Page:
As a first blog post, I thought I would keep this simple and too the point, but relevent to all of us in a way. I was recently shopping for a new laptop to use as my main development and general purpose machine, to replace a dying older laptop I'd been using for over 3 years. One of the features of my old laptop, was the extremely high resolution display it came with. At the time I bought it, it was a built-to-order unit, that I customized a few things on, including the high resolution display option. The upgraded laptop display came with a resolution of 1920x1200, and was technically a 16:10 aspect ratio. This higher resolution was great for me, it allowed me to work on high resolution, even 1080p resolution video and graphic files and be able to fit it all on my desktop screen with room for things like the windows task-bar and application's toolbars visible. I could work on high resolution files without having to view my work in scaled down mode in order to have it fit on the screen. There are many reasons this resolution is great for, especially if your stuck on a laptop instead of a desktop and can't lug a 24"-32" monitor around with you to use.
Fast forward to just recently last month, and I was laptop shopping to find a suitable replacement for this, now older, laptop that I've been referring to. Finding most of my desired spec's wasn't difficult, as even the slowest of processor chips now days are faster than the Core2Duo that my old laptop had. Same with graphics chips and the like. Again, since this is my main workstation, at home and at the jobsite, and it's a development machine, I like having a powerful machine. I opted for the newest i7 processor, maxed out the ram, and got a great graphics card. The only really surprising thing I came across and discovered, was the revelation that at some point in the last 3 years or so, laptops have almost completely killed off any resolution options higher than 1920x1080 (referred to as 1080p). Surely this couldn't be, could it? Even the higher-end (and larger sized) gaming laptops, and desktop replacment laptops have seemed to ditch any option for 1920x1200 resolution displays these days! I found 1 HP laptop boasting the high resolution, however upon closer examination, the model that had this spec was recently dis-continued from what it appeared, and ran the older Core2Duo processor, and had an astonishing $3500 price tag on it, for what was mostly obolete hardware! The machine I was replacing had about the same spec's as the HP, so I knew it was an older model, add in the price, and no thanks.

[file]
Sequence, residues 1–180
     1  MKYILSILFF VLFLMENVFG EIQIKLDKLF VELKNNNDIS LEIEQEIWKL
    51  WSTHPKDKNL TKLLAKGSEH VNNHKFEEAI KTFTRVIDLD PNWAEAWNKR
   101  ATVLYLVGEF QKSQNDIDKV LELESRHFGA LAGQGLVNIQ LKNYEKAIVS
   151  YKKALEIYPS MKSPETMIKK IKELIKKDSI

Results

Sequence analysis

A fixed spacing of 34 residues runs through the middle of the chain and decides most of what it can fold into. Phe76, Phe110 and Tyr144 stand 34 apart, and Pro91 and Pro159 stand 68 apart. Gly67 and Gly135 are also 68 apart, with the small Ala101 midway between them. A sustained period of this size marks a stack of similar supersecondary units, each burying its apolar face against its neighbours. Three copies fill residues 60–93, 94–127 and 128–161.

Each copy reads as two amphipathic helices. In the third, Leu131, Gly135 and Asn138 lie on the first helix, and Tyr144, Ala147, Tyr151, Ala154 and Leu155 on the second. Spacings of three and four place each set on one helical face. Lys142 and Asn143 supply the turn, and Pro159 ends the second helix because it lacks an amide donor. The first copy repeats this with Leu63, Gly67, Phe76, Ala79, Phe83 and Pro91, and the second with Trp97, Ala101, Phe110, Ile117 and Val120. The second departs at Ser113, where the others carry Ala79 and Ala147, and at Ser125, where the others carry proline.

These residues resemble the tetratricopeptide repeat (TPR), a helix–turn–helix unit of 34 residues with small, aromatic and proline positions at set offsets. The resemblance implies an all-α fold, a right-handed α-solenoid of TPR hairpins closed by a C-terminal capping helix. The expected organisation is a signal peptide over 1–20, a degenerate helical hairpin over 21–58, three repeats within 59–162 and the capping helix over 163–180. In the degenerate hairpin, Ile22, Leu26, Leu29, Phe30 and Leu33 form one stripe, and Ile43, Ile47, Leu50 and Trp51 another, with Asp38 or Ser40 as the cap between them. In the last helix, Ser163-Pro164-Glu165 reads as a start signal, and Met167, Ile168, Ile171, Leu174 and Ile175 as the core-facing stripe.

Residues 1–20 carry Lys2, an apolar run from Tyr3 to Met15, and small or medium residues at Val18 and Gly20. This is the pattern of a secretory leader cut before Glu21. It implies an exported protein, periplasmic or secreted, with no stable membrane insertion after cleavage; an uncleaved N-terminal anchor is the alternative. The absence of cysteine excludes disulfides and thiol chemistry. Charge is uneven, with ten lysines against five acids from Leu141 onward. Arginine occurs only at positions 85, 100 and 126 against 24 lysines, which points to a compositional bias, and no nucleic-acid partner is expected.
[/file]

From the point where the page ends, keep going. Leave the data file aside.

After looking high and low, I could not find anything suitable, even in upper price ranges. I'm not sure if Apple had any pickings, but if so, the price would be high, and all my work is done in windows, so for many reasons this wasn't an option for me. I ended up getting a great machine, that is considered a gaming machine in the end, and has all the top specs, but somehow I still feel a little ripped by having to downgrade my screen resolution from my previous laptop. This also brings up another point, in that my new laptop came with an NVidia 3GB card (running DDR5 memory!), 3 freaking Gigs of dedicated video memory! That's a lot, expecially considering that my older XP maching only had 4GB of RAM installed and windows could only use about 3GB of it. The video cards have come a long way, but then I ask myself, WHY? In the old days, screen resolutions were getting higher and higher each generation of monitors, and also, color depth was the first graphics battle, starting out at monochrome and eventually working up to 32-bit color. These leaps and bounds in the hardware capabilities of the monitors and color depths were what started the graphics card race to begin with. You needed more memory to move up to higher screen resolutions and higher color depth. Now I realize much of the GPU's capabilities now days are geared toward 2d and 3d graphics manipulation directly on the card, and other impressive improvements for game rendering and overall performance. But with screen resolutions seeming to be stuck at 1080p now, what is the point of bigger and better graphics cards? Sure improving the GPU processing power itself helps games and such, but even that demand might eventually slow down or possibly top out if screen resolutions are going to also top out at 1920x1080 for the forseable future.
As an AV professional, I like HDTV, and the like. BluRay movies are cool and all, and it's a great improvement to an old standard that it is replacing, ie 480i analog. However, looking back in the past, as all the HDTV hoopla and rollouts were starting to hit the market several years ago, I never anticipated that this "Television" format would come to dominate the laptop and computer monitor market as well. For better or worse it has, and maybe it's because of the price points of these monitors from the manufacturers that is driving this. Maybe PC makers are gambling on the fact that the average Joe think 1080p is good enough for TV and hope it's acceptible for PC displays too. I'm not sure, but I'm a little disappointed with the fact that PC monitors stopped getting better once they hit the HDTV mark, and in some cases, the ones that were better, are now being phased out. If you look at desktop monitors, the same thing is happening, however at least here, there are some options for higher resolution displays, but again, the price entry for them is MUCH higher than it was a few years ago, and the options are more limited as well. What's the deal? Will this change? I guess we'll have to wait and see.